MACKAY North State High School has implemented a policy of banning hugs between students - an offence punishable by detention.
A 14-year-old Year 9 student was given detentions last week when she was seen embracing an upset female friend.
Her mother said she was in disbelief.
“It was after the bell had rung but the teacher told her it was on school grounds so it wasn't allowed,” the mother said.
Another Year 9 student was given a detention after she also gave a fellow student a hug earlier this week.
“I couldn't believe it. She came home and told me she went to detention because she was hugging a friend at school,” the girl's mother said.
“So my daughter had to sit during the lunch break and write 'personal displays of affection are not allowed' over and over again.”
Other concerned Mackay North High parents thought the ban was ridiculous and could not see any problems with the simple act of embracing a friend.
“It's bulls..t. If they want to hug they can hug. If it's just a hug it's all good,” Brad Edwardes said.
Another parent Donna Madam said, “Unless they are getting down and dirty what is the problem.”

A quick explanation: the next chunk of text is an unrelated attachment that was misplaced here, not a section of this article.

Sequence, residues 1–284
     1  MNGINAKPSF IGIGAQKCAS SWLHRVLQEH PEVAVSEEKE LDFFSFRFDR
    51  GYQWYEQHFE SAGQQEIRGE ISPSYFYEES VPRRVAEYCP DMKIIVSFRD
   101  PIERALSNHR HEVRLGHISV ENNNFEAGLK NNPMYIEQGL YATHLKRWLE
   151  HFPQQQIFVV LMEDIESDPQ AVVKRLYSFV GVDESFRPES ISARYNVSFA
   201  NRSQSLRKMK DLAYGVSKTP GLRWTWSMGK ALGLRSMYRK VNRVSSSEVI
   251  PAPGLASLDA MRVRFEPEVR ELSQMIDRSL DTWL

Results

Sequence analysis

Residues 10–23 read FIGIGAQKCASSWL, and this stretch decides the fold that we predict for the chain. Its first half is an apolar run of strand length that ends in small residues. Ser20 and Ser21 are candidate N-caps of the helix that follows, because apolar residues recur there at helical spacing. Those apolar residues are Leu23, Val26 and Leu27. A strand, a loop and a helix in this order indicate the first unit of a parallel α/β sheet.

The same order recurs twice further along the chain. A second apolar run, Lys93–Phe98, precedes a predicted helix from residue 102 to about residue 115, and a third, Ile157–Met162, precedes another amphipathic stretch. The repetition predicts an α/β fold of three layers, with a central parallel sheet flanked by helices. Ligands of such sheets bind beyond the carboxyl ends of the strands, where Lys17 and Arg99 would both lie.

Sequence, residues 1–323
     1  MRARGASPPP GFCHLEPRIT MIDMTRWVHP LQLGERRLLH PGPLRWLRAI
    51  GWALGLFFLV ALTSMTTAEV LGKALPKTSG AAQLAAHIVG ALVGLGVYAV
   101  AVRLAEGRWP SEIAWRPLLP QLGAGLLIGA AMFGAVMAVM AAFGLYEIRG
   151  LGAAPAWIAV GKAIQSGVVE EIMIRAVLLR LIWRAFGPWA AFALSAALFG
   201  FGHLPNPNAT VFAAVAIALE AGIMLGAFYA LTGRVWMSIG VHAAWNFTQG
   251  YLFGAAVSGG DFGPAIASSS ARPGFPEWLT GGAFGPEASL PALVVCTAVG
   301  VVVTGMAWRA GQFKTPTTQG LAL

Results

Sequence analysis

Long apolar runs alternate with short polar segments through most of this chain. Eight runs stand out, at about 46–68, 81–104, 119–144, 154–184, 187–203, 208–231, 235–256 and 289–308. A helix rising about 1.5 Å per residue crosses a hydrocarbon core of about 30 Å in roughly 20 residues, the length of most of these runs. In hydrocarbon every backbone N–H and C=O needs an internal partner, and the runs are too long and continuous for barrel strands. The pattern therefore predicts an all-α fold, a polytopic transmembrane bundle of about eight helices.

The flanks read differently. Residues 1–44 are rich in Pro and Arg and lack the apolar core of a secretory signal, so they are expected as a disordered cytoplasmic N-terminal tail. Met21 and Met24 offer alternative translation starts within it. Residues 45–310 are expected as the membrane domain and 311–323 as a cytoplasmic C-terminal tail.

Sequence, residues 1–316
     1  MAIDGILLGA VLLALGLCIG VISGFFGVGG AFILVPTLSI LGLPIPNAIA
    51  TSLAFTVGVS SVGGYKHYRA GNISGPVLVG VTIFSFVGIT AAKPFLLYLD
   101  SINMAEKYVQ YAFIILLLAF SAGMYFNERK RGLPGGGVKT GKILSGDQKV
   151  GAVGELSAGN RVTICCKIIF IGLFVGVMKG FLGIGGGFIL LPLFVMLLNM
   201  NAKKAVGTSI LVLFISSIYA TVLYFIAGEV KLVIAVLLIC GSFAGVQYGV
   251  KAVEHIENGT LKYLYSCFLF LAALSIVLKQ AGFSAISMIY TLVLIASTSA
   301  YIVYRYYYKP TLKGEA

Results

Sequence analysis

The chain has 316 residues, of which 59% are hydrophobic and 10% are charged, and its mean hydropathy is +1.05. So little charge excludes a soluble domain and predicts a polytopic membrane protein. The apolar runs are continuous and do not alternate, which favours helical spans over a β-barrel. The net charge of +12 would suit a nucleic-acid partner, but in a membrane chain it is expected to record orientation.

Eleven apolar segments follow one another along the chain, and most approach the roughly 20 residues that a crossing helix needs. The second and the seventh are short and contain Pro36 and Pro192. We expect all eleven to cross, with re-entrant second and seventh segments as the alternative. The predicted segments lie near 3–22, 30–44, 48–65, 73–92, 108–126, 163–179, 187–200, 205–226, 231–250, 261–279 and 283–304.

Parents and Citizens Association member Brian Saxby said the ban on hugs was in place as part of the school's behaviour management policy, rules which were designed to protect students and staff.
“At present the school does have a behaviour management policy that is actively enforced by the P and C,” Mr Saxby said.
“It is part of the policy. If people put themselves at risk things may be viewed in certain ways. Hugs can be interpreted differently by different people and hugs can be wanted and unwanted, so the school and the P and C just need to be cautious in this day and age in that area.”
Principal Shelley Lewis refused to comment on the issue and referred the Daily Mercury to the Department of Education.
Yesterday afternoon a department spokesperson said the decision had been made at the school level but there was no Education Queensland policy that banned hugging in schools.
“Mackay North State High School has determined that unwanted or unnecessary physical contact, which in some circumstances can include hugging, is inappropriate playground behaviour.
“However, hugging can be considered appropriate when the act offers compassion and/or comfort between two students.”
The spokesperson said individual schools determined what disciplinary action was taken against students in line with their school's responsible behaviour plan.
However, later last night, another spokesperson contacted the Daily Mercury and said the Department of Education's Mackay-Whitsunday regional executive director, Wayne Butler, had directed the school to urgently review its policy.
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